Isn’t it ironic? They want to micromanage everything, but when it comes to their constitutional duties, they don’t do a damn thing:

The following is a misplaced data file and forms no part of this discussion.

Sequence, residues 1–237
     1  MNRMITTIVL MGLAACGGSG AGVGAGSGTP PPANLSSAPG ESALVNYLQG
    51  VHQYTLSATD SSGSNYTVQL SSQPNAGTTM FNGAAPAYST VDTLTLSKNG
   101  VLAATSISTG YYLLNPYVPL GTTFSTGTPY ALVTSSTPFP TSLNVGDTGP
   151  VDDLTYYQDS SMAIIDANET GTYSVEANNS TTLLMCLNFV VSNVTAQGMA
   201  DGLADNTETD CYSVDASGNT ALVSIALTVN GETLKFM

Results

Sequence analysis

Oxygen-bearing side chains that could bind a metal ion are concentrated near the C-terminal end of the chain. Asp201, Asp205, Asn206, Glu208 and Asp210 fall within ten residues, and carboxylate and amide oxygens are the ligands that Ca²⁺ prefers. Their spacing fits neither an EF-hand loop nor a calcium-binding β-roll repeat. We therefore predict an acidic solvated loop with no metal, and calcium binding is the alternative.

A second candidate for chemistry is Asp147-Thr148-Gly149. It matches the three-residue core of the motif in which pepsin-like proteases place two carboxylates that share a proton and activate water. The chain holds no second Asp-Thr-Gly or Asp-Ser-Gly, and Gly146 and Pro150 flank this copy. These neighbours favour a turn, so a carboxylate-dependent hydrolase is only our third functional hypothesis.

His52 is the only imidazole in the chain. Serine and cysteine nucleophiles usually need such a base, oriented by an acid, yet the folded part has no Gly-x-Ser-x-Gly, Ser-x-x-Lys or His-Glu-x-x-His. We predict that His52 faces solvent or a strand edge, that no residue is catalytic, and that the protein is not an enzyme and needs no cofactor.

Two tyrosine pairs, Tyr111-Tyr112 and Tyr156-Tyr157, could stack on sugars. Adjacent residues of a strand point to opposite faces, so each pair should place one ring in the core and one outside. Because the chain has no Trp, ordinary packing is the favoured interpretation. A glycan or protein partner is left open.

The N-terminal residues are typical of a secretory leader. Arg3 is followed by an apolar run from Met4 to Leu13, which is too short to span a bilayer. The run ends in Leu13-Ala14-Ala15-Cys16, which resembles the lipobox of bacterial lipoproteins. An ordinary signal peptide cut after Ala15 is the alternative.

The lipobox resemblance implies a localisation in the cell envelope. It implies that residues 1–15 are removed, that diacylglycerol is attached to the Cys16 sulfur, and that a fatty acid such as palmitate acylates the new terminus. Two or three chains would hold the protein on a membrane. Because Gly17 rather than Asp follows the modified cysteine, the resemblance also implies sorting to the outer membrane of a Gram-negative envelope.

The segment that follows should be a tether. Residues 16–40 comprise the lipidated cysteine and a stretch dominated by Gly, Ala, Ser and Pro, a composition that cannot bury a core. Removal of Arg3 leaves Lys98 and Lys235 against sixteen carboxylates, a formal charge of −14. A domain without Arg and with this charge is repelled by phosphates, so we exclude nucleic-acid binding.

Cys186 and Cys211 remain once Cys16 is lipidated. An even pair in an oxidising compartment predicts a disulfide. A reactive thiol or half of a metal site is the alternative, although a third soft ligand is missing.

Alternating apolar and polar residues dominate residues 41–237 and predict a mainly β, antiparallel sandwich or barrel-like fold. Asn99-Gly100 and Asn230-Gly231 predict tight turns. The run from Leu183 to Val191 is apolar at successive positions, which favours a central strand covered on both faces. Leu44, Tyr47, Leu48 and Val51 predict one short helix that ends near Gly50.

In recent years, congressional Republicans have been almost hysterical about presidential overreach, condemning the White House for alleged abuses that leave Congress out of the policymaking process. In nearly every instance, their evidence has fallen somewhere between baseless and ridiculous.And yet, here’s a legitimate example of Obama ignoring Congress when he shouldn’t, and those same Republicans who pretended to care about this institutional dynamic are sitting on their hands, perfectly content to ignore their constitutional responsibilities in the name of political convenience.The United States has begun a bombing campaign in Syria, but don’t bet on Congress returning to Washington to vote on a new war authorization anytime soon.Shortly after airstrikes against the Islamic State in Syria started, some lawmakers started pushing again for an authorization vote. But so far, leaders aren’t gearing up to bring their members back to town.Asked to explain why Congress is satisfied doing nothing, House Speaker John Boehner’s (R-Ohio) office told Roll Call, “As the Speaker has said, he thinks it would be good for the country to have a new authorization for the use of military force covering our actions against ISIL, but traditionally such an authorization is requested and written by the commander-in-chief – and President Obama has not done that.”Senate Minority Whip John Cornyn (R-Texas) added that Obama “should seek a new congressional authorization.”Republicans may not fully appreciate just how extraordinary this approach to governing really is.According to leading Republicans on Capitol Hill, Congress isn’t doing anything, and that’s the president’s fault. Why? Because the executive branch hasn’t written a bill for the legislative branch. Sure, lawmakers could write a bill on their own – it’s literally what they’re paid to do – but they’re instead waiting for the president to serve as a check on his own power.